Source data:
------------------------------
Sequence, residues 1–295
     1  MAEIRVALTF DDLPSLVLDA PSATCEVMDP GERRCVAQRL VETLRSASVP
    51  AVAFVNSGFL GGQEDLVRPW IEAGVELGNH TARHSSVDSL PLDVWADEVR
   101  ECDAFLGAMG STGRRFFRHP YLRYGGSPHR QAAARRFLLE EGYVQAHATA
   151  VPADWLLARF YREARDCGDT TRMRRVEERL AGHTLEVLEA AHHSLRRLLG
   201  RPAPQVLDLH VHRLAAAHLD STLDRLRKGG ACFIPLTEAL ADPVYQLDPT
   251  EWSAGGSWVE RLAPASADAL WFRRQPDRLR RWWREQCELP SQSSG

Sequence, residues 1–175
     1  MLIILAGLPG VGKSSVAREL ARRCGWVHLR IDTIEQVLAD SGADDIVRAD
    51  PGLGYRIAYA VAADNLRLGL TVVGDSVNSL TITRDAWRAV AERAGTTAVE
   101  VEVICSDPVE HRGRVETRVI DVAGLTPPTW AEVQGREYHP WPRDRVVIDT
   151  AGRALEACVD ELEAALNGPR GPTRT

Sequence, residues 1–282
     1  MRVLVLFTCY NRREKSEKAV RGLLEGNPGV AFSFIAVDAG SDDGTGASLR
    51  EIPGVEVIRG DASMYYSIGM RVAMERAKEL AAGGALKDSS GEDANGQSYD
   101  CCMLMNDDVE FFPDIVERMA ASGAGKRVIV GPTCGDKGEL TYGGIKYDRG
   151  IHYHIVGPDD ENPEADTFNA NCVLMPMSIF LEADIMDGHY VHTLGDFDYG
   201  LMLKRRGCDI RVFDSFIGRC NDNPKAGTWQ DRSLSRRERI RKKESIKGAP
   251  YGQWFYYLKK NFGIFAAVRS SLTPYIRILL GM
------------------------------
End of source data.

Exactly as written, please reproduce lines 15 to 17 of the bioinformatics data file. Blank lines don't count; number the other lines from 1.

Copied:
    51  EIPGVEVIRG DASMYYSIGM RVAMERAKEL AAGGALKDSS GEDANGQSYD
   101  CCMLMNDDVE FFPDIVERMA ASGAGKRVIV GPTCGDKGEL TYGGIKYDRG
   151  IHYHIVGPDD ENPEADTFNA NCVLMPMSIF LEADIMDGHY VHTLGDFDYG